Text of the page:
Monday, May 26, 2008

Today In History; Indian Removal Act Passed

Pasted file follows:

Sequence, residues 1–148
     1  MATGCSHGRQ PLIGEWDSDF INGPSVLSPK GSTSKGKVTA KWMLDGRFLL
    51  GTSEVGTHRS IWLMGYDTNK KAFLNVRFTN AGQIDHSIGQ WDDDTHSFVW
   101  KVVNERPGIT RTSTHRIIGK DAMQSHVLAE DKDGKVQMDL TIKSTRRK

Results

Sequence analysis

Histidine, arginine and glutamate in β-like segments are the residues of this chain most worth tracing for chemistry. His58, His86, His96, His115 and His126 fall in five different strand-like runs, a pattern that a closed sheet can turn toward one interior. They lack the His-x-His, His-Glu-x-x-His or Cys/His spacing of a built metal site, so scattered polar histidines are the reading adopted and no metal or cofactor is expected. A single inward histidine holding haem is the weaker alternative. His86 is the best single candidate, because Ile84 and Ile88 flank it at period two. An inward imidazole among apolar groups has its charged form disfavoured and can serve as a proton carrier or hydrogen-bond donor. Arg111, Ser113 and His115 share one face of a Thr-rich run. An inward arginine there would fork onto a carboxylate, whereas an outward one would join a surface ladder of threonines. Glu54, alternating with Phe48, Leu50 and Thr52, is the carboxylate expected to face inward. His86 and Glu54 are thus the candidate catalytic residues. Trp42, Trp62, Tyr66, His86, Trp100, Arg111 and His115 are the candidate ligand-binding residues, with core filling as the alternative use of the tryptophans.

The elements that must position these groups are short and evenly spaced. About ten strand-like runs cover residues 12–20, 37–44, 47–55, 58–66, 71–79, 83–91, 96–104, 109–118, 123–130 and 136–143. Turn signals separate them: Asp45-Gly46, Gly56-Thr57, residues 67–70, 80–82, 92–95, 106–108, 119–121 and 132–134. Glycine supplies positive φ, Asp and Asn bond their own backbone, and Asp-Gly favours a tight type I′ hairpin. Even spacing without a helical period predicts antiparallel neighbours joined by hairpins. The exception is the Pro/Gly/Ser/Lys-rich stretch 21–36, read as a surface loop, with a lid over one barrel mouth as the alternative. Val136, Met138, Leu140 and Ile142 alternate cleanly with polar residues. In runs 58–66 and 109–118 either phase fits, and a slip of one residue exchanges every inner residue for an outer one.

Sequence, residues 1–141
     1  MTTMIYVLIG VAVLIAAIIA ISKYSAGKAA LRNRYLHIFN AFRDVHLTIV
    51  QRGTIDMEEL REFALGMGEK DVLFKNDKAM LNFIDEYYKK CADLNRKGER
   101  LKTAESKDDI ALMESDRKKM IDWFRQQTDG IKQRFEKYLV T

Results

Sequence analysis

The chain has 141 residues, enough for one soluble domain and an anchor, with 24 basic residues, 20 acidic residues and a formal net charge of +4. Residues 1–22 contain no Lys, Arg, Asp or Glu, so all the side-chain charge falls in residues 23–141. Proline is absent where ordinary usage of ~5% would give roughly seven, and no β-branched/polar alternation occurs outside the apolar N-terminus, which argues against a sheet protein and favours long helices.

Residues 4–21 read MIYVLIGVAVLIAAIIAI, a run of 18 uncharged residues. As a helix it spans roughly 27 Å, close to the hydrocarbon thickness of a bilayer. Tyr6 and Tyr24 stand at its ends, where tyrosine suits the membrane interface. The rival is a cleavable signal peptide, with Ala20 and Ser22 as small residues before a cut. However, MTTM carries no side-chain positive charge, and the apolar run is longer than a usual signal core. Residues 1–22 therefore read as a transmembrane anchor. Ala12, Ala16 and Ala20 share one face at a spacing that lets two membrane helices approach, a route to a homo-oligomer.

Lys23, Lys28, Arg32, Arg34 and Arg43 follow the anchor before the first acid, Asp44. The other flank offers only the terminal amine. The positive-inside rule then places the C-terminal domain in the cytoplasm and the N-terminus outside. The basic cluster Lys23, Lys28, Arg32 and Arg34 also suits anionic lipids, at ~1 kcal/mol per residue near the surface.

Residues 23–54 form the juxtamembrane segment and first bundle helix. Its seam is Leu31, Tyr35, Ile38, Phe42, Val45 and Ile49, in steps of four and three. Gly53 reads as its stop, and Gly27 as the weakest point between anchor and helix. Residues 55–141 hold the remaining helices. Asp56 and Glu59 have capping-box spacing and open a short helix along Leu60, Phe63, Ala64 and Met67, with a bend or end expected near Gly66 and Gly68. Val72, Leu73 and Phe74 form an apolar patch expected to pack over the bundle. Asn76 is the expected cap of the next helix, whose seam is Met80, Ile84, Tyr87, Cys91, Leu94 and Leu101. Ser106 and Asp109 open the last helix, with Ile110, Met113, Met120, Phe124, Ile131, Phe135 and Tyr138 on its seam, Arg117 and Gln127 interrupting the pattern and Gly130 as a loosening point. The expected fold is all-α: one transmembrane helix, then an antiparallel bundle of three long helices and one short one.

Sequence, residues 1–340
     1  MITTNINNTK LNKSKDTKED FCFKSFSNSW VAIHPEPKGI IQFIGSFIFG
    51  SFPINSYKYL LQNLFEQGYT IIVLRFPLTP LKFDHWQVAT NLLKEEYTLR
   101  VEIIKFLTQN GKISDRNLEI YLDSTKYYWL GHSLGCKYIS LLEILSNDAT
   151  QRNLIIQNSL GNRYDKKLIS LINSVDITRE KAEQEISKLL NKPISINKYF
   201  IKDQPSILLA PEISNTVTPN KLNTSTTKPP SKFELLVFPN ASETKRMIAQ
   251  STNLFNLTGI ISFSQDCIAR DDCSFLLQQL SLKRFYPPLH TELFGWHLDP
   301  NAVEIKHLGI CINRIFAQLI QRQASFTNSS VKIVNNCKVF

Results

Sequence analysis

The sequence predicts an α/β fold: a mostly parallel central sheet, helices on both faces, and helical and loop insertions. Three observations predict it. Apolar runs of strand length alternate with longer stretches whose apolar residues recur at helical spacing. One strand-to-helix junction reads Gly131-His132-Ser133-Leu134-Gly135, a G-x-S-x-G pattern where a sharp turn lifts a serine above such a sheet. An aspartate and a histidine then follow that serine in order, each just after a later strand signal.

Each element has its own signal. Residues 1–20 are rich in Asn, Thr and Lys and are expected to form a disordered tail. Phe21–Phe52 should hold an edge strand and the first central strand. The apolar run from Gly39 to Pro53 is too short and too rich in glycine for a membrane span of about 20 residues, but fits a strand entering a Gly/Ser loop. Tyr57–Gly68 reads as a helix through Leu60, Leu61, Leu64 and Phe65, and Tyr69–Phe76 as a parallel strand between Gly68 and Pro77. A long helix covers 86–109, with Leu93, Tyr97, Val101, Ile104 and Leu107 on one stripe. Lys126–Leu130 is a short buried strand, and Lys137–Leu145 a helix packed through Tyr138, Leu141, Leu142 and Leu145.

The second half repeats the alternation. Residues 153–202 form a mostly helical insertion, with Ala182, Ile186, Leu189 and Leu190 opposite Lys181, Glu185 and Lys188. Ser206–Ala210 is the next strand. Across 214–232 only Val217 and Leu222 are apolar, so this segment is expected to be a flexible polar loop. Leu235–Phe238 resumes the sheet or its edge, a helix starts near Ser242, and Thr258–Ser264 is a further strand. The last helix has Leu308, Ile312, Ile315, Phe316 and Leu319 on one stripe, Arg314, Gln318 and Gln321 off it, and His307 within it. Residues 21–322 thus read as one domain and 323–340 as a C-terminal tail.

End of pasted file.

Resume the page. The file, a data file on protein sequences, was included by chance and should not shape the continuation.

1830: The Indian Removal Act was Jackson-era legislation authorizing the president to transfer eastern Indian tribes to the western territories in a supposed land exchange the government promised (falsely) "in perpetuity." The passing of the legislation was fueled by greed for land along with Andrew Jackson's notorious prejudice against Indians, whom he claimed he was "protecting" while they "adjusted to white culture." The president turned a blind eye to the resulting Native American disputes over land in the states where they resided including the Cherokees in Georgia, the Seminoles in Florida and the Creeks in Alabama. Even when the law was ruled unconstituional by the U.S. Supreme Court, Jackson challenged the decision, telling the justices to "enforce it if [you] can." Eventually the relocation plan became a forced march to Oklahoma led by federal troops - the infamous "Trail of Tears" in 1838-39, during which thousands of people died. Despite the horrors of that journey, the government continued to relocate Native American tribes throughout the rest of the century.

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